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To fetch a pail of water ...

By Duncan Graham - posted Tuesday, 14 August 2007

The trade of the urban water carrier is medieval. It started long before the discovery of steel and the ability to shape it into piping. But these remnants of a pre-industrial age still ply the kampongs of Indonesia’s big cities, dragging crude two-wheeled carts awash with plastic drums of clean, but not potable, water.

These traders have bought the water from anyone with a tap that’s connected to the public supply. By the time this essential commodity is doled out to the end users, usually in pails of just a few litres, the price has jumped to 33 times the standpipe cost.

Good business for the supplier, but a raw deal for the consumer. And this is no niche market: 40 per cent of Indonesians don’t have access to piped water, so those who can’t afford the water carts use rivers for their ablutions. Watching waterways can be a relaxing pastime in other countries, but the stench and colour of Indonesia’s trash-choked rivers is not a savory experience.


This grossly unfair trade in water was exposed in a World Bank report titled Voices of the Poor. The business exists because public utilities believe that if they install piped water in the poorest kampongs users wouldn’t have the money to pay their monthly bills like residents in upmarket areas.

But the World Bank researchers who undertook what they claimed was “the most comprehensive assessment of poverty in Indonesia for the last ten years” say the poor can and will pay for cheap tap water.

On the surface it seems like an easy-fix issue demanding no high-tech solutions. Extend the reticulation, install a meter and register users. It’s not difficult paying bills in Indonesia where officials make regular visits to homes to collect dues and the culture tolerates tiny trades. It’s even possible to buy single cigarettes while basic commodities, like washing powder are sold in sachets affordable to those with little cash. And that’s a lot of people.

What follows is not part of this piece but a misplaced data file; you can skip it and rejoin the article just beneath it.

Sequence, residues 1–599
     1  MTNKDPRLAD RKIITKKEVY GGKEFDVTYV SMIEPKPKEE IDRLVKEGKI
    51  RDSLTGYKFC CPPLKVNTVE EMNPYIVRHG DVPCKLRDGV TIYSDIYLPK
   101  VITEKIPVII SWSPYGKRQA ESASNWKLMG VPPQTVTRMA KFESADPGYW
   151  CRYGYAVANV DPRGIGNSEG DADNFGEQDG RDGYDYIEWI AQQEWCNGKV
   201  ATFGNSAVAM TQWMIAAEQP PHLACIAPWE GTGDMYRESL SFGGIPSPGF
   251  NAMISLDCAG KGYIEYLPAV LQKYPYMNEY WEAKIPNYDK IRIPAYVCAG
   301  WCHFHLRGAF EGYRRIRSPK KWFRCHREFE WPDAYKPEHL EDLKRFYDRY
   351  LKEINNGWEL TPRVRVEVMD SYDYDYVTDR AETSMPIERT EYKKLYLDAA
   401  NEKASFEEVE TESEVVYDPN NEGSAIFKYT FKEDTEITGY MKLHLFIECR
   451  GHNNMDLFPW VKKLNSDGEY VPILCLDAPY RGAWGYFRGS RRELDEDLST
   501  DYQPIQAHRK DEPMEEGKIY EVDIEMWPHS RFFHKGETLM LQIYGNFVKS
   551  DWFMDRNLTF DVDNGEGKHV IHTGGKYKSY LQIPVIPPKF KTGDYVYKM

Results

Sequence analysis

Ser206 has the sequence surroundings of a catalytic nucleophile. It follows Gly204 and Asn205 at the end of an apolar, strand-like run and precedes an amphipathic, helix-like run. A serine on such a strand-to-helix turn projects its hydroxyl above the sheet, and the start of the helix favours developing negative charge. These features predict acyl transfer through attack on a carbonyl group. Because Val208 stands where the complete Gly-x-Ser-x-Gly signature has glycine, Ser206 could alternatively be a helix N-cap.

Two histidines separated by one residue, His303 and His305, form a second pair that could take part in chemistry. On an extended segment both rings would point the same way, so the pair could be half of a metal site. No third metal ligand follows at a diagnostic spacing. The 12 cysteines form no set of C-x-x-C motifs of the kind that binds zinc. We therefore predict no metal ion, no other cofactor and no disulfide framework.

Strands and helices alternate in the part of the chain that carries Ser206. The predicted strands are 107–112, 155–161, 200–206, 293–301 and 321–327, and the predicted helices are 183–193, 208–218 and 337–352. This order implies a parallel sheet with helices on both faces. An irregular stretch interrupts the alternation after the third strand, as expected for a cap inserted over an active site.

The Indonesian government reckons about 40 million live below the poverty line of spending US$2 a day, with a further 100 million teetering on the edge. In total that’s more than half the population.

But the water suppliers, known as PDAMs, are in a financial mess of their own. In the post-Soeharto shake-up they were transferred to local governments and many have become insolvent. They’ve been shackled by restrictions on borrowing so can’t spend on boosting services.

All that’s lacking is the political will to implement a new system - and that’s where the problem lies - not with lack of funds.


In fact the country is awash with cash according to a just released public expenditure review assembled by the World Bank along with the Indonesian Government. The review trumpeted: “Indonesia’s post-crisis period is over; the country now has sufficient financial resources to address its development needs.” This is the result of frugal accounting, revenue boosts and slashing subsidies - policies that have produced a US$15 billion windfall.

This is the biggest boost to the coffers since the 1973-74 oil shortage when prices suddenly quadrupled as a result of the Yom Kippur war, giving primary producers like Indonesia massive profits.

But how to spend this sudden surge of money? In the days when iron-fisted General Soeharto ran the country all expenditure was determined in Jakarta.

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About the Author

Duncan Graham is a Perth journalist who now lives in Indonesia in winter and New Zealand in summer. He is the author of The People Next Door (University of Western Australia Press) and Doing Business Next Door (Wordstars). He blogs atIndonesia Now.

Other articles by this Author

All articles by Duncan Graham

Creative Commons LicenseThis work is licensed under a Creative Commons License.

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